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Young Adult Historical Fiction

Growing up was hard to do in the wayback days.

History = yawn.

Okay, not really, but sometimes it seems that way. Well, Shmoopers, we have a surefire way to make history come alive: historical fiction. By looking at history through the eyes of imaginary characters, we're able to think about the past from a completely new angle.

And that's not all. In this three-week course, you'll be reading young adult historical fiction—that means we get to see the past through the eyes of a kid. Coming-of-age in a certain time period really makes you appreciate it that much more. So get ready to appreciate.

Course Breakdown

Unit 1. Young Adult Historical Fiction

The three books we'll be tackling together are as follows:

  • The Witch of Blackbird Pond
  • Number the Stars
  • The Watsons Go to Birmingham—1963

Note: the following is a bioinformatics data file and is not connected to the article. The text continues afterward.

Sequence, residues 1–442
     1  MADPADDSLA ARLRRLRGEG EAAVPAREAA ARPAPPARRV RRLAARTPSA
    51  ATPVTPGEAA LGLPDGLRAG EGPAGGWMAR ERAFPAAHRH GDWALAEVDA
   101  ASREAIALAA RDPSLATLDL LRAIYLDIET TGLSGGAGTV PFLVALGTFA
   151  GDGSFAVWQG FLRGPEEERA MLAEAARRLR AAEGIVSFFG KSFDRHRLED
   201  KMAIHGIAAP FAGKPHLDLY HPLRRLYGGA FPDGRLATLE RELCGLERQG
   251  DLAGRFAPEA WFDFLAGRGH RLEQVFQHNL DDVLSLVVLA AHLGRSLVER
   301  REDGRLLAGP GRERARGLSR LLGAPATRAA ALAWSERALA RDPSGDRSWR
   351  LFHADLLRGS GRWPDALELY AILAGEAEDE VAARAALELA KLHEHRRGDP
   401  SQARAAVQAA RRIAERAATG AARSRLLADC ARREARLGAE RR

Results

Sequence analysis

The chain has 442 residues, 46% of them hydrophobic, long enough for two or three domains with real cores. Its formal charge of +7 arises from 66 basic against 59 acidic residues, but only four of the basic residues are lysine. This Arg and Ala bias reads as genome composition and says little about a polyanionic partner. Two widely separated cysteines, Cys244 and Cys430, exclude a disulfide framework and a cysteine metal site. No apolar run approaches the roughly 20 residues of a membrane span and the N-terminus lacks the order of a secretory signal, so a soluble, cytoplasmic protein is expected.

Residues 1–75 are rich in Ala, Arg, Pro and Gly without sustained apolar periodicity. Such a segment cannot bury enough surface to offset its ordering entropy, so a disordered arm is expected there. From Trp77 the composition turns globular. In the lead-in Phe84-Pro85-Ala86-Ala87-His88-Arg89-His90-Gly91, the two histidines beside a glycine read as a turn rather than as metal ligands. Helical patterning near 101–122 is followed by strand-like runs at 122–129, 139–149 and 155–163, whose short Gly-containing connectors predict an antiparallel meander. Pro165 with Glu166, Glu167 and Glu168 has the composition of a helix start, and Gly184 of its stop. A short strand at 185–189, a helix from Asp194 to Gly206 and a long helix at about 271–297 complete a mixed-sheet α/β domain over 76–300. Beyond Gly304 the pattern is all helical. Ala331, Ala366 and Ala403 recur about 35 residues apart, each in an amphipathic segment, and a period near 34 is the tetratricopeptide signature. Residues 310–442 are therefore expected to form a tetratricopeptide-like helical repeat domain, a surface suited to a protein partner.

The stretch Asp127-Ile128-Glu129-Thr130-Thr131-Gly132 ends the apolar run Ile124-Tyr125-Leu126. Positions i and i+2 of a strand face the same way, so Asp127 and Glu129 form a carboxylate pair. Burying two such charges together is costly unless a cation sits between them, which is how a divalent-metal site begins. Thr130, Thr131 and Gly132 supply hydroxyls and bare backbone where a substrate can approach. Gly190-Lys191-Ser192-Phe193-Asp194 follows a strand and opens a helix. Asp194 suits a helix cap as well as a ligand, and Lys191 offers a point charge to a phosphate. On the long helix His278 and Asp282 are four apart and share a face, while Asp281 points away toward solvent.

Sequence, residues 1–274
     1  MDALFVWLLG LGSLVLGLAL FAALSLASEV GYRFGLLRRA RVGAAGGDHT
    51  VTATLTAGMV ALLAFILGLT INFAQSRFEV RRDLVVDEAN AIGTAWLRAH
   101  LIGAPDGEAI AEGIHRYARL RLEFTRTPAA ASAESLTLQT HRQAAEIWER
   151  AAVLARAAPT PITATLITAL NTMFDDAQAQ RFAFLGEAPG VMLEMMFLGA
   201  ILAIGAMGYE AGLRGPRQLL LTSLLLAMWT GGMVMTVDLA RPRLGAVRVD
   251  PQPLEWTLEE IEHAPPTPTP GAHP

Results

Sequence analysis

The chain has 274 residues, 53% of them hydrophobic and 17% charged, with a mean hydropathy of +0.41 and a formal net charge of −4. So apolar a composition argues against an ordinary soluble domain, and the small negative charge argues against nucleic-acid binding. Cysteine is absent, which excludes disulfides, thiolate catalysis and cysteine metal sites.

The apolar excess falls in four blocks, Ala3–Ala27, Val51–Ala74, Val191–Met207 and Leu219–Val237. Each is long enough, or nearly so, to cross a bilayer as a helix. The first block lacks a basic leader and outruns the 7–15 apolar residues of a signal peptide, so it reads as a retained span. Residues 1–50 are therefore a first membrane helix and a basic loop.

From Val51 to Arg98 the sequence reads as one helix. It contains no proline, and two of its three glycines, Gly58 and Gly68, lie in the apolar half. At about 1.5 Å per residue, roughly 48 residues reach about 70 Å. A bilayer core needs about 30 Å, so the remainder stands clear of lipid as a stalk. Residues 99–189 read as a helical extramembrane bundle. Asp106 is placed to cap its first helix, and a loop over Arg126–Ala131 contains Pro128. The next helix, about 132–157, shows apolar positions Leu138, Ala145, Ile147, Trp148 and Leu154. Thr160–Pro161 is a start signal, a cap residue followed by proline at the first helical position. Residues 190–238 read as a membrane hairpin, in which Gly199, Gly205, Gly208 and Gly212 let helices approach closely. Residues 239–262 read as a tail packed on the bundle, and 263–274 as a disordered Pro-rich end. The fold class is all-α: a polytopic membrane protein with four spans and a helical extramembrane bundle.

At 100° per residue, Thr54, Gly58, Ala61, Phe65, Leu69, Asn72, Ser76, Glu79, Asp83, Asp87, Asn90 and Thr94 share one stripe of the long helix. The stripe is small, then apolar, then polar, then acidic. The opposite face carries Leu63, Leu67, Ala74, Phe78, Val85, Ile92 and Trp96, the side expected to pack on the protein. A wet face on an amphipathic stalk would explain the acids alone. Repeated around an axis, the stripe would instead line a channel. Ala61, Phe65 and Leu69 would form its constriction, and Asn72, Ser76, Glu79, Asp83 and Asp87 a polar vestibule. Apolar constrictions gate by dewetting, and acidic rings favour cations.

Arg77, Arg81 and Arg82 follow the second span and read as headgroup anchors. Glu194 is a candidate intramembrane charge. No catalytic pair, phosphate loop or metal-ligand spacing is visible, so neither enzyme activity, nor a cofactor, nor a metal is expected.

Sample Lesson - Introduction

Lesson 2: You Can't Handle the Truth

Fiction = made up. The end.

Oh, Cary. Even you knew you have to look a little closer to see the truth. (Source)

But wait. Add the word historical in front of it all, and suddenly it's not so made up. Historical fiction blurs the line between reality and invention in more ways than one. Why? Because some of it is completely true. Here are just some of the aspects of historical fiction that can be completely factual:

  • The geographical location 
  • The historical events 
  • The people (historical figures)

Sneaky, right? So how are we supposed to separate fact and fiction in these novels?

Simple: be informed.

Because of the good folks we at Shmoop like to call historians (we think they like to call themselves that, too), we're able to read up on history to know which aspects of a book authors are stealing from reality and which aspects are coming from those big ol' brains of theirs.